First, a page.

Far Out Foods
What do you usually pack to eat on a long trip? Maybe a few granola bars and a couple bottles of water?
Thanks to detailed records kept by the Pilgrims, we know that they brought a large quantity of seeds with them during their voyage on the Mayflower to the New World. These seeds were used to start gardens that sustained the new colony. They produced quick-growing crops like mustard, protein-rich peas, and carbohydrates from wheat and oats.
On an expedition to the Arctic in 1819, British sea captain Sir William Edward Parry fortuitously brought along a pocketful of cress and mustard seeds. When his ship the H.M.S Hecla was stuck in the polar ice for nine months, these sprouts helped prevent scurvy amongst the crew.
The crew of Expedition 44 to the International Space Station in 2015 also packed along seeds. Astronauts Scott Kelly and Kjell Lindgren became the first Americans to ever eat food grown in space–a leafy romaine lettuce salad.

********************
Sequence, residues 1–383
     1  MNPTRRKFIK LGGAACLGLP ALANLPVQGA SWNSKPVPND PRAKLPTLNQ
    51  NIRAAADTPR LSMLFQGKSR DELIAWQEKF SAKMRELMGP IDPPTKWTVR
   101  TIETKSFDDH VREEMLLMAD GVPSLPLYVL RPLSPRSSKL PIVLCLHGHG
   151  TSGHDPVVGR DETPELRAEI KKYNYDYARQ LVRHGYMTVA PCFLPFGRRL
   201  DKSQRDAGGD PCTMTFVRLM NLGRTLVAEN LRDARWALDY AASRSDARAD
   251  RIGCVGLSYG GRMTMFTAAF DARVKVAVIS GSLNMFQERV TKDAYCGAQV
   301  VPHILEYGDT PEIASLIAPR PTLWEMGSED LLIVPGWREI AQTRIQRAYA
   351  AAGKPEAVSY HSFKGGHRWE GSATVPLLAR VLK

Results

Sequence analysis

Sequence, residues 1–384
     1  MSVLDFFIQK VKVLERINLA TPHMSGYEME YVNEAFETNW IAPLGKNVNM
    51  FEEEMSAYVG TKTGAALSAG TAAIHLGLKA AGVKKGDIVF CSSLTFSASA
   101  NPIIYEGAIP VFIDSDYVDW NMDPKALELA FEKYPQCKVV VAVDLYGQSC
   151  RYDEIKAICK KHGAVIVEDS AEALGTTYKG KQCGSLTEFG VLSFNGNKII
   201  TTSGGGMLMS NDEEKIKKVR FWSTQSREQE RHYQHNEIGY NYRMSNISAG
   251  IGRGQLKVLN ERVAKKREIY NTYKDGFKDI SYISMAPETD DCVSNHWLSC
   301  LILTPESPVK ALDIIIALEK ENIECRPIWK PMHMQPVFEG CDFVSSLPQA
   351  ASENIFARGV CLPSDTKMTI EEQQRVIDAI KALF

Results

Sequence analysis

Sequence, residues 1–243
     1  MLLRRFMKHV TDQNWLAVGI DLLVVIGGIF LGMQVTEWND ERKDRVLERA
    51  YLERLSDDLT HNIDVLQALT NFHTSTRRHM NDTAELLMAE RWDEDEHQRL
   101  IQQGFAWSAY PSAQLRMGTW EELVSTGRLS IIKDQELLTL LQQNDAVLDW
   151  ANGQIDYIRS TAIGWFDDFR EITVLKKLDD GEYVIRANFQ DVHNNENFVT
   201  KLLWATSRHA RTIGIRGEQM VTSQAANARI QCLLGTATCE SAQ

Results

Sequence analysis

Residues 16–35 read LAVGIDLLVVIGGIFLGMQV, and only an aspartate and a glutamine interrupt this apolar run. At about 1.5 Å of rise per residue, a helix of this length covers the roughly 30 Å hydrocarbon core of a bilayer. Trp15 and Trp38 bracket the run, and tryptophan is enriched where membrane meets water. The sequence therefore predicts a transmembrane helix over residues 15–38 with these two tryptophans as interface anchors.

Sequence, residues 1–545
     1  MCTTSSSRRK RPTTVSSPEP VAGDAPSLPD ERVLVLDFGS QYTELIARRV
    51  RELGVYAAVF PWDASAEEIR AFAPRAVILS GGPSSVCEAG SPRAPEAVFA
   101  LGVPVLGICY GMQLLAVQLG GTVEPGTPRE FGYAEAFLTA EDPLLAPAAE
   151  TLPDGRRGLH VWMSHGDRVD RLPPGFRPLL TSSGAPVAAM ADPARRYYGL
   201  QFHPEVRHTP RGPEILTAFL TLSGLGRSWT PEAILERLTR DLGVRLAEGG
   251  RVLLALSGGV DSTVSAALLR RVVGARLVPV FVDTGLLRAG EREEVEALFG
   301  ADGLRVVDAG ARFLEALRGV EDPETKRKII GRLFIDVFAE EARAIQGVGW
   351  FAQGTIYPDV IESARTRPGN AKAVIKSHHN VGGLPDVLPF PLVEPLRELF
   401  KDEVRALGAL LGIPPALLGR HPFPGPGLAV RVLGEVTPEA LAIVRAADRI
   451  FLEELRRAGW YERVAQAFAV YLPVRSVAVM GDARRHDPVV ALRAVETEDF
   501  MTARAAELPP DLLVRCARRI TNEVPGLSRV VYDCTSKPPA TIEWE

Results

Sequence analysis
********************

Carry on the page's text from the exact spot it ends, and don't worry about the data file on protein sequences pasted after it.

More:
According to the sci-fi classic Star Trek, we are still a few centuries away from having a food replicator aboard a starship. However, NASA and partnering space agencies are currently developing gardens that will one day sustain life on a space station and maybe even a Mars colony.
So, the next time you pack food for a long journey, you may want to choose some hearty granola bars. You know, the ones with the seeds in them…just in case.
To learn more about sustaining life in far-out locations come to the Museum Moonshine program at the National Air and Space Museum on September 10, 2016 from 8 to 10 p.m. Museum Moonshine is an evening garden party that celebrates the treasures of Earth and space by highlighting craft food and drink inspired by earthly botanicals and space science. Tickets available here – http://s.si.edu/2beYmHi
– Brett McNish, Smithsonian Gardens Horticulturist
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